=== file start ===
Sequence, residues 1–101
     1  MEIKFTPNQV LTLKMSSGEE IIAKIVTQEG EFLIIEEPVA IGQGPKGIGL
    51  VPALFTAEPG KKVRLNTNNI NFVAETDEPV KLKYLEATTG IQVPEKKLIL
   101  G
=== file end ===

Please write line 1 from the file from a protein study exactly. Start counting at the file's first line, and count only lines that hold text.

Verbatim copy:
Sequence, residues 1–101